The University of Massachusetts Amherst
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Engineering Students Meet with Their Raytheon Peers

In October, employees from the Raytheon Company met with 17 College of Engineering female and minority students to give them a first-hand crash course in the culture of industry and the value of diversity in the corporate setting. James Chang, a member of the Raytheon Asian Pacific Association, George Bamfo, who is from the Raytheon Black Employee Network, and Mary Ellen O’Donnell, vice-president of the Raytheon Women’s Network, gave our students their insiders’ perspective on their Raytheon experience and offered our students their leadership and mentoring advice.

“I thought the students would find this kind of partnership incredibly valuable,” says Shelly Perdomo, the director of our Diversity Programs Office, “to have industry partners they could talk with informally. This kind of mentoring setup will be especially helpful to our students when they reach a point when they’re ready to apply for internships, co-op jobs, or fulltime positions in industry. There’s no substitute for having real people, who come from similar cultural backgrounds, give them smart advice about their careers.”

Members of the college chapters of the National Society of Black Engineers, Society of Hispanic Professional Engineers, and the Society of Women Engineers attended the meeting with Raytheon employees.

“Students sort of look at industry members the way they look at faculty,” Perdomo jokes. “As another species. They really need this kind of personal contact to find out how human they are.”

The informal meeting also included Raytheon employees Robert Smith and Michael Thornhill, who were instrumental in setting up the partnership with Perdomo. A member of Raytheon’s Hispanic Organization for Leadership and Advancement is also expected in future meetings.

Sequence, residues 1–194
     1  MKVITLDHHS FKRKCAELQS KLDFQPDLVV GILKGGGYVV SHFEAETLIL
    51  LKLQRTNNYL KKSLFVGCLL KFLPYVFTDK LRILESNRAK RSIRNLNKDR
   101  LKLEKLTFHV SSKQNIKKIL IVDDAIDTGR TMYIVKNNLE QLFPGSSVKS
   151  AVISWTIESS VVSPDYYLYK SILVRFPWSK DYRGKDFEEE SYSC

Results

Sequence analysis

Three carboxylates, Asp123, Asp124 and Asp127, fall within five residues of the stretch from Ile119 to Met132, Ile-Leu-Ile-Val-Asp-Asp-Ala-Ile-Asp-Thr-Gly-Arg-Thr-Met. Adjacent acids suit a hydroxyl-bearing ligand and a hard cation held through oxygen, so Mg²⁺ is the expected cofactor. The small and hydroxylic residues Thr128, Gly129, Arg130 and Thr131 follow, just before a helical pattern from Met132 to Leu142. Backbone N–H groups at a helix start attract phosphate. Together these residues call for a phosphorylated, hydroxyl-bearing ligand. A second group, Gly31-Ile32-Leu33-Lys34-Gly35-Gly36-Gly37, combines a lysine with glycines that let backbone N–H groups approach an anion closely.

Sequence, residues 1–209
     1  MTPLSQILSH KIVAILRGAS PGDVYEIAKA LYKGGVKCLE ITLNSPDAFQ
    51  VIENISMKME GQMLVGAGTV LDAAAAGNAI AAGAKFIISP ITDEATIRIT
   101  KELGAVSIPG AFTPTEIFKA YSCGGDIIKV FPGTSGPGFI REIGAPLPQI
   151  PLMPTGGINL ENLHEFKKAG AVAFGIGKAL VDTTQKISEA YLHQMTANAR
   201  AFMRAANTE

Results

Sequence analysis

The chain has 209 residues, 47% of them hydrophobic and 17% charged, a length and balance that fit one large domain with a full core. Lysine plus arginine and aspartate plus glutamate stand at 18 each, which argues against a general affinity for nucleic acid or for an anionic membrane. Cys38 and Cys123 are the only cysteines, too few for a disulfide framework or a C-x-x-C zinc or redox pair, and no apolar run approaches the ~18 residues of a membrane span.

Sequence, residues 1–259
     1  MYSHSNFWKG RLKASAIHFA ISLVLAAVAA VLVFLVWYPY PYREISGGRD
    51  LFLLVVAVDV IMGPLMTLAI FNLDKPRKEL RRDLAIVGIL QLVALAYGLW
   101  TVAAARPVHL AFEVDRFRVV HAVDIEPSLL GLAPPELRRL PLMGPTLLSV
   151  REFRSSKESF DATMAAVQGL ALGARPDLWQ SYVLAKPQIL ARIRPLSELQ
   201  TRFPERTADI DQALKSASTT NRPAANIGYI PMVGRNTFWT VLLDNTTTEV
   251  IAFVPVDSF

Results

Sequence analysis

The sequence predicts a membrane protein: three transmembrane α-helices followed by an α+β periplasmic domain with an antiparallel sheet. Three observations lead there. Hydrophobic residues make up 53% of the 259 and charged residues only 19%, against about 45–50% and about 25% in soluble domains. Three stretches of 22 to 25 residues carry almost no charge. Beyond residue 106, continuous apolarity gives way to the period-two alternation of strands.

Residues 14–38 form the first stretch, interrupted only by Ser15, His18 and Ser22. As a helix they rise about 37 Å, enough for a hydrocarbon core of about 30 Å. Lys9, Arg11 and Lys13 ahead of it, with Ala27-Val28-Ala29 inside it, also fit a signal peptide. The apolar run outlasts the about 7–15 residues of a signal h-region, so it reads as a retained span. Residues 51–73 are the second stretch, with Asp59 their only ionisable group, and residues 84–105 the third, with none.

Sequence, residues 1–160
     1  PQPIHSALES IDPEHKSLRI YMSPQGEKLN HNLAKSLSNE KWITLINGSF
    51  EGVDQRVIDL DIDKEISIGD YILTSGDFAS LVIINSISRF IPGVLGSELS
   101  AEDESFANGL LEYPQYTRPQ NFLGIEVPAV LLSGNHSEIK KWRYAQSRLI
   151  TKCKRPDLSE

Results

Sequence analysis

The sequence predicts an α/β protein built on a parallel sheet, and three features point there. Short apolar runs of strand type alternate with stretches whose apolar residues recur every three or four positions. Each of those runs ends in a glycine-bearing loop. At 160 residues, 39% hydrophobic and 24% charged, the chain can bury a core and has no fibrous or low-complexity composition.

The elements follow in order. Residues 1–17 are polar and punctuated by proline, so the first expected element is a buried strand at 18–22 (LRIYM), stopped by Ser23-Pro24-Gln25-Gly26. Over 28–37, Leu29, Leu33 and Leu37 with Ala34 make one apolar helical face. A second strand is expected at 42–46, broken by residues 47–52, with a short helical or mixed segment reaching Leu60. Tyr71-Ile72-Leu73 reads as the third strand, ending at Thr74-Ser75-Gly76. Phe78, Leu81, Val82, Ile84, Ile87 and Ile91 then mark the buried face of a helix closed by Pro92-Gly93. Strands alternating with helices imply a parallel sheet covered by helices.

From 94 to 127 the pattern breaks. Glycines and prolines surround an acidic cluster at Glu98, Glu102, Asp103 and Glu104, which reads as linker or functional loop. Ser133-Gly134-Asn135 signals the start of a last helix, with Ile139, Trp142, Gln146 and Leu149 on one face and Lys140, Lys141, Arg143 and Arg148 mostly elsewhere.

“Our students were really surprised with how much Raytheon was doing to cultivate these organizations,” says Perdomo. “What hit home for our students was hearing from these Raytheon employees how much their company has supported them individually and their organizations in general.”

One of the topics discussed was the disconnect between academia and industry and bridging that gap. There was an interrelated conversation about holding a workshop to help our students understand the culture of industry. Bamfo, for example, talked to our students about the importance in an industrial setting of oral and written communications skills. He said that engineers are sensational innovators. But, in order for them to inform their constituencies and market their innovations, they need to communicate what they do in the lab.

“That was very important for our students to hear, especially from an industry member,” says Perdomo. “It really sticks. I found these Raytheon employees genuinely interested in mentoring our students and preparing them for the future as professional engineers.” (October 2010)